Moore: Do you feel like we do?
In the misty past before COVID-19, I would spend Wednesday evenings with an awesome group of teenagers at our church youth group. One evening, after being humiliated at basketball by a group of gleeful middle-schoolers, my friend and volunteer youth leader extraordinaire Rob brought up my second favorite topic. Naturally, that would be classic rock.
Normally such discussions revolve around the “desert island album” idea or obscure trivia about the connected roots of iconic bands from the ’60s and ’70s. For example, what’s the connection between the Guess Who’s 1970 anthem “American Woman” and 1974’s “You Ain’t seen Nothing Yet?” from Bachman–Turner Overdrive. That’s actually an easy one.
But I digress. With me still catching my breath, Rob went for the big question: What is the most quintessential, era-defining classic rock song ever?
That’s an impossible question, right up there with: What do women want? Do you mean most influential, most popular, most covered, or purely most enjoyable after a long day’s work?
Now, that said, it is possible to make a shortlist, and that’s what Rob and I did. Like two scientists zeroing in on cold fusion, we examined the merits of several classic anthems. Finally, I agreed with Rob’s suggestion, and we had it. The most quintessential, era-defining classic rock song ever, at least for that night, was “Gimmie Shelter” by the Rolling Stones.
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See what I mean? Right now some of you are nodding in agreement, and others are rolling your eyes. But if you are into classic rock, it’s on the list. There’s a fun trivia question associated with the title, but I’ll leave it to you to figure that out.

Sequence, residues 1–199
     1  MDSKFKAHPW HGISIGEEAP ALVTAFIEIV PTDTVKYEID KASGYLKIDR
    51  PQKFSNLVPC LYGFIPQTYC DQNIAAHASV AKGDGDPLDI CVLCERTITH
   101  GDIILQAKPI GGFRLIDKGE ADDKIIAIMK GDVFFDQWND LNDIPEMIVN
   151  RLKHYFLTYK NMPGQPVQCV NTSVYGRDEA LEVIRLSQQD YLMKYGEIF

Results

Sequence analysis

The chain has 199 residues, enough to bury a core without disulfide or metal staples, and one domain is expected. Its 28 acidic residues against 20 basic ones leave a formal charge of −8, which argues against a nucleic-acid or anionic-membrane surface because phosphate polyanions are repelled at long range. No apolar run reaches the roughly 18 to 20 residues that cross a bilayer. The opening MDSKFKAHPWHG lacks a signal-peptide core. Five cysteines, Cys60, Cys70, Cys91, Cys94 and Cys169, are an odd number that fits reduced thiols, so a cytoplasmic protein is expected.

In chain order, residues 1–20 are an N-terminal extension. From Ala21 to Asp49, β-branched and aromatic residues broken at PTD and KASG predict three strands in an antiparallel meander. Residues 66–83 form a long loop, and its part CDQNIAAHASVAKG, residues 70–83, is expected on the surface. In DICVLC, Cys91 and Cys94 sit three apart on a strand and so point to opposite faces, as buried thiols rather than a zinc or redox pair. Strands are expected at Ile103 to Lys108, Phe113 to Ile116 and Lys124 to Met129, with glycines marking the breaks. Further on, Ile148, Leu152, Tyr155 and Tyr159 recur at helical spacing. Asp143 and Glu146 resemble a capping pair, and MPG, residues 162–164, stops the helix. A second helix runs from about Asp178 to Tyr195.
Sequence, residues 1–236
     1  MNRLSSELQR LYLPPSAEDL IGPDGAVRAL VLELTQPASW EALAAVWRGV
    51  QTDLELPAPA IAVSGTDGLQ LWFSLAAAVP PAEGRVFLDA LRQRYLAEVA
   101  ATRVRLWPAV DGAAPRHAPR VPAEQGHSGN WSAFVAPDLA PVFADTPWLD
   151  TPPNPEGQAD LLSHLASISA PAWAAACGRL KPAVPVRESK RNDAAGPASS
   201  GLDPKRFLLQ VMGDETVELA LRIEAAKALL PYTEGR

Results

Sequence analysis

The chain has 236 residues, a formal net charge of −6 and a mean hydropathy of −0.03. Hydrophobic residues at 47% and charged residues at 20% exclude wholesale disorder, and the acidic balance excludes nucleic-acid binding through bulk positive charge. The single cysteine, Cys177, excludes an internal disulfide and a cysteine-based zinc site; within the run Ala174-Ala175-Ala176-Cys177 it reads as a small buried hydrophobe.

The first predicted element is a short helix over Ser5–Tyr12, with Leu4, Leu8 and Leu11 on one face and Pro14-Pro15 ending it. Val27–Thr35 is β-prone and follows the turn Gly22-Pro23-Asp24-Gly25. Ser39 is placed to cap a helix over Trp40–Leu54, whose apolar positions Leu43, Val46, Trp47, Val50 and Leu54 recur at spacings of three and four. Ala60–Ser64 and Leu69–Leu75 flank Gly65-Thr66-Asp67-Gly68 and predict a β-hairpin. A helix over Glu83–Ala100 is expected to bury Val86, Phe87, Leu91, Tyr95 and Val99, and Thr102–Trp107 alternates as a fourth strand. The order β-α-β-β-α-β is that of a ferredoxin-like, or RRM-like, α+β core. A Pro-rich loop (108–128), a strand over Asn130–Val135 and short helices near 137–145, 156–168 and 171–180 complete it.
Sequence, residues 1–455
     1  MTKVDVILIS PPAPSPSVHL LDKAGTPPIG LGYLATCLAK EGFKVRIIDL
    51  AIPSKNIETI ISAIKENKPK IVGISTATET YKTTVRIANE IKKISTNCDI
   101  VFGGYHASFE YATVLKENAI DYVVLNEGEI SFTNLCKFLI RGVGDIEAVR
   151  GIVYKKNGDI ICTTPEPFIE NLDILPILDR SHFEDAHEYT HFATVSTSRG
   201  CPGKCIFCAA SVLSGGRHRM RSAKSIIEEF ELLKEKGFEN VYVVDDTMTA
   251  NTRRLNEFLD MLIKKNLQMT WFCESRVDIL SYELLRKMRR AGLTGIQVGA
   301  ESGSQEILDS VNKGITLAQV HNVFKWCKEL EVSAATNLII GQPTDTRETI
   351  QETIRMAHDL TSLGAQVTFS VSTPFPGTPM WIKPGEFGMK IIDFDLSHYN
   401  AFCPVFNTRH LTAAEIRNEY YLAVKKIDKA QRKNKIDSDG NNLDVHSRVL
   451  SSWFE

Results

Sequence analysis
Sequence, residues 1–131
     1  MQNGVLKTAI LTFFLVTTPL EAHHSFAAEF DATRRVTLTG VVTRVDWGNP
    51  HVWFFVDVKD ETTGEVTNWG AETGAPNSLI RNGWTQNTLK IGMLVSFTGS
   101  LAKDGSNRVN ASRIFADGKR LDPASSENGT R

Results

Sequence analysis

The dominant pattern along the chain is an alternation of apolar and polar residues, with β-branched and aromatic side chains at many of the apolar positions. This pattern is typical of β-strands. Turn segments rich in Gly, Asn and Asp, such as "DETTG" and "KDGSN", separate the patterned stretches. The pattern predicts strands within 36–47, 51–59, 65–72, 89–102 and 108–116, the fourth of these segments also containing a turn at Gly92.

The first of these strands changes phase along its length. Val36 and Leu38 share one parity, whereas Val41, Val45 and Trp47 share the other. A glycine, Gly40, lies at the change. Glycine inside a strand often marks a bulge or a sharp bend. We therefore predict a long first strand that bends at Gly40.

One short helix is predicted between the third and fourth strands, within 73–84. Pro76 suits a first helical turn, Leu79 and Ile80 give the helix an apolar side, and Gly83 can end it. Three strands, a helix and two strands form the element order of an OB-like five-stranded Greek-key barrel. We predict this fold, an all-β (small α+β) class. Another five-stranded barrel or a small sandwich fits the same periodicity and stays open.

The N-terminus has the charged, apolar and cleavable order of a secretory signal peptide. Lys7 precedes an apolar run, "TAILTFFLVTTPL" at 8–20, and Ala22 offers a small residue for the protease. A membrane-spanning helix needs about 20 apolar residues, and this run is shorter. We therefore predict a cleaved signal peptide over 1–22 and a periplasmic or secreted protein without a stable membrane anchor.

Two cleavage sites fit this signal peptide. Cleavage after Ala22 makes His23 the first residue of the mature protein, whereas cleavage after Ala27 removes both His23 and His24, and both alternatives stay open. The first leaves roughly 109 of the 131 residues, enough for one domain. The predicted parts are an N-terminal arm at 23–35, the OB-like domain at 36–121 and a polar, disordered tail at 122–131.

My favorite variation of the question is: Best guitar solo ever? This is just as hard, but I would give the award for best studio guitar solo to the legendary David Gilmour for “Comfortably Numb” from Pink Floyd’s “The Wall.” There are at least 10 songs right there with it. But when it comes to best live guitar solo, the answer is a hands-down no brainer. At least for me.
It was Nov. 22, 1975, and Memorial Hall at the State University of New York Plattsburg was sold out. Performed that night were 14 minutes and 15 seconds of classic rock bliss known as “Do You Feel Like We Do.” Mr. Peter Frampton, I want to thank you. Can I get a witness?
At this point, we could dive into the fun details of how Frampton made his guitar talk, but instead, I want to shift our focus to God. After all, this is a column about God. Aside from the thrill of his guitar work, Frampton’s question is one that resonates. Do you feel like we do? In the depths of your soul, have you ever asked that question as your own? With my questions, frustrations, doubts, anxiety, maybe even depression … do you feel like I do? Does anyone?
God, what about you? If you are the divine one up in heaven, and I’m down here trying to make life work, do you feel like I do? What about all of us? We are faced with disease, civil unrest, political chaos, unemployment, and an epidemic of depression and anxiety. God! If you are really there, do you feel like we do?!
My friend, from the bottom of my heart and with all the sincerity I possess, I will tell you that yes, God does feel like you do. He’s not just up in heaven. In fact, through the mystery of what Christians call the Trinity, God made himself flesh and dwelled among us, as one of us. He knew our pain, our sorrow, and took all our rebellion with him to a Roman execution where he bore our brokenness in his death. He went on to defeat death and thus opened the door to a new life of hope and freedom.
In the New Testament book of Hebrews, the writer says (and I’m paraphrasing here), that Jesus, as God, is able to understand and relate to all our weakness, because he faced everything we do, and yet never gave up, never lost hope, and never sinned. And because of his great love for us, we may approach the God of grace with confidence, to receive his mercy and grace in our time of need.
God does feel like we do. He does feel like you do. If you are seeking answers in this life that feels so fragile, I would love to tell you about the God who has given me shelter. I’ll buy the beverage.
Oh, and lest I forget, rock on.
Ethan Moore is the pastor of Trinity Church in Edwards. He and his wife, Lisa, have lived in the valley since 1995. You can reach him at firstname.lastname@example.org.
Ethan Moore is the pastor of Trinity Church in Edwards. He and his wife Lisa have lived in the valley since 1995. You can reach him at email@example.com.
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